Yet another gem from Christine Hine’s Virtual Ethnography…
Virtual ethnography allows a researcher to review community communications, such as discussion boards or chat transcripts, after the fact. This departs from a traditional ethnographic approach because it denies the researcher the experience of living in the community, experiencing it and gaining a much richer perspective.
Experiencing a virtual community in the moment helps provide the following essential context for the researcher:
- how the information is socially meaningful
- knowledge of the audience/users
- engagement with the users
- the experience of being a user herself
In other words, just reading the archives or reviewing a communications transcript does not a true ethnography make. This gives me hope around some of the difficulties I’m currently facing with screen-capture technology. Given the already s – l – o – w speed of my older computer, it’s pretty difficult to get screen capture software to run alongside the SL client without really bad lag time or crashing. Plus, there is the issue of storage.
So, I’ve been freaking out about the possibility of not being able to record my observation sessions as planned. However, according to Hine, conducting the research in the moment may end up being more productive than later analysis of recordings.
I’ve wanderings a bit around SL this week in hopes of spotting good places for observation. This has pointed out to me that (most of the time) interactions in-world are usually slow enough that I could take comprehensive field notes during observation. And, I’d have chat/IM transcripts for verification of certain information.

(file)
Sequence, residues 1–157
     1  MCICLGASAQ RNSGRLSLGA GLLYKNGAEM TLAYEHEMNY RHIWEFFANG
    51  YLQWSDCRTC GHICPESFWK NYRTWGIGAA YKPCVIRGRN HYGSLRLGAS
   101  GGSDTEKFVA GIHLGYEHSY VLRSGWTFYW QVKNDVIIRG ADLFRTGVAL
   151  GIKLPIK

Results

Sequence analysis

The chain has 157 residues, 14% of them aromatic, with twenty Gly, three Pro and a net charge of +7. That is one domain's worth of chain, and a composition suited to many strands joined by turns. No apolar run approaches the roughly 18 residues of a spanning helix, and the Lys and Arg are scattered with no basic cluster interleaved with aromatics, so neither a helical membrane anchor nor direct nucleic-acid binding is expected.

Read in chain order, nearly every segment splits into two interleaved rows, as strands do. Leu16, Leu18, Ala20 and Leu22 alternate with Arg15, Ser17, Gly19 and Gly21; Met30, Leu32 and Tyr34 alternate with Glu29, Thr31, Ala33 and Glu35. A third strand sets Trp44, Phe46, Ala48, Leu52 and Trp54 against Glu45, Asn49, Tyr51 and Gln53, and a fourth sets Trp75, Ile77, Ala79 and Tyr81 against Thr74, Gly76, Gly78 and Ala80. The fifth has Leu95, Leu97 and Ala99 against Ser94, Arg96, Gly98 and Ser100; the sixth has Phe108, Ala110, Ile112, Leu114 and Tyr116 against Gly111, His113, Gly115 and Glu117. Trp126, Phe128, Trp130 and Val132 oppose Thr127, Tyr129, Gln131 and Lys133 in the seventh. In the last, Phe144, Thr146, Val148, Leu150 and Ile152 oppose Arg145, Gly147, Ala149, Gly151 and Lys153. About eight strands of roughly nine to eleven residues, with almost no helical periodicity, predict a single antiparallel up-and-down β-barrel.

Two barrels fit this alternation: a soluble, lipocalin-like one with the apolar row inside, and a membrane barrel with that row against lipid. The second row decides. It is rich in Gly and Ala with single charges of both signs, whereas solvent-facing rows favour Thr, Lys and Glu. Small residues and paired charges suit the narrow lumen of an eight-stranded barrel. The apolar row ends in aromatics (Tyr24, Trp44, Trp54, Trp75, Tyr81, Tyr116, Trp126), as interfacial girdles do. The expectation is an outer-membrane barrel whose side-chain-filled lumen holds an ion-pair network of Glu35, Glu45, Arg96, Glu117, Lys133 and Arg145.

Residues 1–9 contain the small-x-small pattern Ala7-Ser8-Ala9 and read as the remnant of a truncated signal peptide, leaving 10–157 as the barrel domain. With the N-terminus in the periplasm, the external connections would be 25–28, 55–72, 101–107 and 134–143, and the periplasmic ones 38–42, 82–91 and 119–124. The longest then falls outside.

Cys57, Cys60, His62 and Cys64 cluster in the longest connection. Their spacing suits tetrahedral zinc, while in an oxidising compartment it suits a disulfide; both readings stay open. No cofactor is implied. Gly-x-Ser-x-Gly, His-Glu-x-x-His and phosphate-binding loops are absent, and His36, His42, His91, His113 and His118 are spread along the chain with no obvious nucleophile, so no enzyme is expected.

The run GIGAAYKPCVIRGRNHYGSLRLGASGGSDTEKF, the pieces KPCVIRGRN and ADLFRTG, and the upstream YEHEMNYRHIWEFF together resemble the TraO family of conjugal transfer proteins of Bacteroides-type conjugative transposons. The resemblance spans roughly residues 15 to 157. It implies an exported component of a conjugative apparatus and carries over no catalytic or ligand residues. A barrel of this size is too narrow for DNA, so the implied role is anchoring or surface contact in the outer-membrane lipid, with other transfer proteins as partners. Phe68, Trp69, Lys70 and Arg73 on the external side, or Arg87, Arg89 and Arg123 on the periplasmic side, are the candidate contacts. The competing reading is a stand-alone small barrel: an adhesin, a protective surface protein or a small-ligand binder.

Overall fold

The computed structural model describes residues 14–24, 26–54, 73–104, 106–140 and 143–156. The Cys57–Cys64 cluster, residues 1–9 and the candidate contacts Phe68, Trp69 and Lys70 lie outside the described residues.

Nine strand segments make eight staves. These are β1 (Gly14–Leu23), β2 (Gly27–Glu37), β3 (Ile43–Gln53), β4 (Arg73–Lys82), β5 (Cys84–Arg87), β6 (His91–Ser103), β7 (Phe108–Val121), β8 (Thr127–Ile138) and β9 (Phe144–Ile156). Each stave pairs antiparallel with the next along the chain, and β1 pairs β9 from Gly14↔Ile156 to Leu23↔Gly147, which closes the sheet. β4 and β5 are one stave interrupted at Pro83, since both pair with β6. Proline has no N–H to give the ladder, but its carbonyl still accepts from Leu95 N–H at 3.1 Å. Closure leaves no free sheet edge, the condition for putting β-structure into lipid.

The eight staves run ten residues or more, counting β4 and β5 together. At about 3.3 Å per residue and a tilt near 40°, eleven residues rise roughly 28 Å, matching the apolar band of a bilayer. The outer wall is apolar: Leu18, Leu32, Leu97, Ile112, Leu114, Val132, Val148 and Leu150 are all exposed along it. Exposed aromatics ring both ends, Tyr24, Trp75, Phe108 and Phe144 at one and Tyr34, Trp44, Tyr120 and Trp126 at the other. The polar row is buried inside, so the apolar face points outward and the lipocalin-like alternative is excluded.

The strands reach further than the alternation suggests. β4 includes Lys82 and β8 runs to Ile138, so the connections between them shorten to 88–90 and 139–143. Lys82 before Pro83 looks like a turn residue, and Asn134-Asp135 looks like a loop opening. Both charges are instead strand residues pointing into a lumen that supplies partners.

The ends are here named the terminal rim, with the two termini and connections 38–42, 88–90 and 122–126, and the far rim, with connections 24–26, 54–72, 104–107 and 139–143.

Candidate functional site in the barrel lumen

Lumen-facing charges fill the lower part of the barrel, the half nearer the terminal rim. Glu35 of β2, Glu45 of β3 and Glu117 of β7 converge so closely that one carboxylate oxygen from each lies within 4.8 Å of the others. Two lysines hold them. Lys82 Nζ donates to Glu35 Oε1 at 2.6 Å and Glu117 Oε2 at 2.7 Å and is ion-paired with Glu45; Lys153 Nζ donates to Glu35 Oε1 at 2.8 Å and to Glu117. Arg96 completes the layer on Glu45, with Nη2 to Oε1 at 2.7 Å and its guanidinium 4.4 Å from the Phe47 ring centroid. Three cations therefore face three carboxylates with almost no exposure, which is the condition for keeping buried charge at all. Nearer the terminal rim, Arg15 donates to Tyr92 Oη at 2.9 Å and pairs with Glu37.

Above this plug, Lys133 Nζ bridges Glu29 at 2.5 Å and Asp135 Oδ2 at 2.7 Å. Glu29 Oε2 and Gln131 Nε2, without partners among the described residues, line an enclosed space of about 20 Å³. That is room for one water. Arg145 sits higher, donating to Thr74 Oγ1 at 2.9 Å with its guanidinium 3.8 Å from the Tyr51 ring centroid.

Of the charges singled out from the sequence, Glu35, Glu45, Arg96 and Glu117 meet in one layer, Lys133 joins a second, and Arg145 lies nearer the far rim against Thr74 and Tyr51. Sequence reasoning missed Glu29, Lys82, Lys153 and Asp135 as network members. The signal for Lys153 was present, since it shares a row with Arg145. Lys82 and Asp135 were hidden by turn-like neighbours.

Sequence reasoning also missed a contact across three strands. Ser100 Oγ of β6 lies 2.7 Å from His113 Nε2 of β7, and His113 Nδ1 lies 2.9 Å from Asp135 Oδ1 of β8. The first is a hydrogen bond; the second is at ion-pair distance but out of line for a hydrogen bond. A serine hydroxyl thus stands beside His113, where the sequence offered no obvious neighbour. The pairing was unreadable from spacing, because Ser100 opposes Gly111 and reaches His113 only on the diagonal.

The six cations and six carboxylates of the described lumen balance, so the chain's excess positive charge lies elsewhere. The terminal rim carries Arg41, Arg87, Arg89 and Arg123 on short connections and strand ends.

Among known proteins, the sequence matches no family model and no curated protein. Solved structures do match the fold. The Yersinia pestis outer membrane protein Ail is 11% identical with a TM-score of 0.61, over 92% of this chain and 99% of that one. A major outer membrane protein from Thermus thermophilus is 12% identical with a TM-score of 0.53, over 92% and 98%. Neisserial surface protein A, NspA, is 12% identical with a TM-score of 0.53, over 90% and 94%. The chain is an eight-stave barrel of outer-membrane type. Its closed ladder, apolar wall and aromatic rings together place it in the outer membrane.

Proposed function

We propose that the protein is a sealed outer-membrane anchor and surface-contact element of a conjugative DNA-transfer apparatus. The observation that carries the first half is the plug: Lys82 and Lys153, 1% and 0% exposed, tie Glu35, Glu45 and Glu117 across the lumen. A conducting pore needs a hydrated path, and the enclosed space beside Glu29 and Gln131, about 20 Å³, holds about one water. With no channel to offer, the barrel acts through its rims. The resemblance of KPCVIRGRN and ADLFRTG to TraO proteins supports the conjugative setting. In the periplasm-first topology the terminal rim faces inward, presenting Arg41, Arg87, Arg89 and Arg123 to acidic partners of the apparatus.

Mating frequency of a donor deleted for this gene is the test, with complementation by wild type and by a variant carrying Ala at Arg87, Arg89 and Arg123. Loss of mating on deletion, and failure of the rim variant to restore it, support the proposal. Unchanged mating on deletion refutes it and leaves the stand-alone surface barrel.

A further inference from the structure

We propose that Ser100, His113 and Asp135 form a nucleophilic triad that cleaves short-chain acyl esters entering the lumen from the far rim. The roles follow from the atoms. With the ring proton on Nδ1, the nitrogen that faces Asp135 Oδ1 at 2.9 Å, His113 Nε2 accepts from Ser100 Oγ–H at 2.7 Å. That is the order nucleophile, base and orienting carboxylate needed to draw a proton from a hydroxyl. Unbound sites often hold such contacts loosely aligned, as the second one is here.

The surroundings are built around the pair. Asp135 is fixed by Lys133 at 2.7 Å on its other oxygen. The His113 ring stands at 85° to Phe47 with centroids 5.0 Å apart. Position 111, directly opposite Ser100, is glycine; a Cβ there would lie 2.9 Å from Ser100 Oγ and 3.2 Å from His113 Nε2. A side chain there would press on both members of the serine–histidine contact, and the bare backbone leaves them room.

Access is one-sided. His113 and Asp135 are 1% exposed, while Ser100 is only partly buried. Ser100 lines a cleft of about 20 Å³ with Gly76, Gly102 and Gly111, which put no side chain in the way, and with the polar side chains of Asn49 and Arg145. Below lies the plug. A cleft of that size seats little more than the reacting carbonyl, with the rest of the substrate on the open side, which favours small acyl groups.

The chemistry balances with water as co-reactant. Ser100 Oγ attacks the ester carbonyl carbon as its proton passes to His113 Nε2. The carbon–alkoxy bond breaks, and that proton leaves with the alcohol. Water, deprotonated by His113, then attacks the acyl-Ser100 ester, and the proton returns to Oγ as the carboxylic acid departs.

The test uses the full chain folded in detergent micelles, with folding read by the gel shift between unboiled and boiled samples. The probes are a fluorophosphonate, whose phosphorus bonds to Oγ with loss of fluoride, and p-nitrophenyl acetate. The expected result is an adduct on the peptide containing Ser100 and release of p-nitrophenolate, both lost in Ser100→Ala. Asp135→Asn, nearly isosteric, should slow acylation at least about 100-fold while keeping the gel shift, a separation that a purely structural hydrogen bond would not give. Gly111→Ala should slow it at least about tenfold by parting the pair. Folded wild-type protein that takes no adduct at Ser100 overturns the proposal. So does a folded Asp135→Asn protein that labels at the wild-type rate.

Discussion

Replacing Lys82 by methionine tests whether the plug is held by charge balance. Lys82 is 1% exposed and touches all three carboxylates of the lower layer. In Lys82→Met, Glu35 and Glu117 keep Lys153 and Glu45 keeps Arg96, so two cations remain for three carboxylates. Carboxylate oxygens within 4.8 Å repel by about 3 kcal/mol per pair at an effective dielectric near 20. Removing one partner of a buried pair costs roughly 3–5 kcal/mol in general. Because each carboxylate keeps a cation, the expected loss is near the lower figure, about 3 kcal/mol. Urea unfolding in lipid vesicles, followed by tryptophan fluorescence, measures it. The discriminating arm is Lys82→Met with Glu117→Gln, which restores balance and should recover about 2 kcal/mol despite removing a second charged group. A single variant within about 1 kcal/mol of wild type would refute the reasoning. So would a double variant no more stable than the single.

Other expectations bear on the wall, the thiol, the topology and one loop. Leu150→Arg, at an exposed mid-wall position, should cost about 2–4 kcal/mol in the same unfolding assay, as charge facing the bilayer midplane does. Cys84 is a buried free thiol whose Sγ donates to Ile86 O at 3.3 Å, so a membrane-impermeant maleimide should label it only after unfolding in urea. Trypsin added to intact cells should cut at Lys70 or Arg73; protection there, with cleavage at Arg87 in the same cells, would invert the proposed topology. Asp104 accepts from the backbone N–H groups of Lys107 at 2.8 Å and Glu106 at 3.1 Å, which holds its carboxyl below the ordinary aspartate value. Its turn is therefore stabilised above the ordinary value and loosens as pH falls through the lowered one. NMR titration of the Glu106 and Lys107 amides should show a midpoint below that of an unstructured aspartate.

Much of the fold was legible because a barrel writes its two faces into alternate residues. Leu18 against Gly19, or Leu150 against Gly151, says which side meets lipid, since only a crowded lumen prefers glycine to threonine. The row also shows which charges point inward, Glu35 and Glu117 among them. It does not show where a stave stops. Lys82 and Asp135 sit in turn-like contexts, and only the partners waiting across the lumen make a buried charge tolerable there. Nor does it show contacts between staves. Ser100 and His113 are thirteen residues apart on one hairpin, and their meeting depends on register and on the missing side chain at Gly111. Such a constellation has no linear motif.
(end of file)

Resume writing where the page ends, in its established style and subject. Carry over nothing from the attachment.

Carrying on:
However, there are three areas of logistical concern with this potential approach:
- Lands o’ voice: In areas where voice communication is used, my ability to take sufficient field notes is severely compromised without back-up video recording
- Getting social: My ability to truly interact with the community is more limited if I am taking more extensive fieldnotes, given that I have no ability to go back to fill in information as needed
- Busy places: When areas do get crowded and lots of avatar activity springs up, I may not be able to record everything I’d like to by hand.
I may have to simply live with these concerns, given the technical issues that could prevent any consideration of using screen capture technology. I can try my best to compensate by budgeting enough post-session time to fully record all field notes. Also, I may shorten my sessions. Instead, I could do many more sessions at 1-hour each, allowing me to better remember the full span of what occurred when I’m transcribing notes just one hour later, as opposed to three (my original plan called for 3-4 hour observation sessions).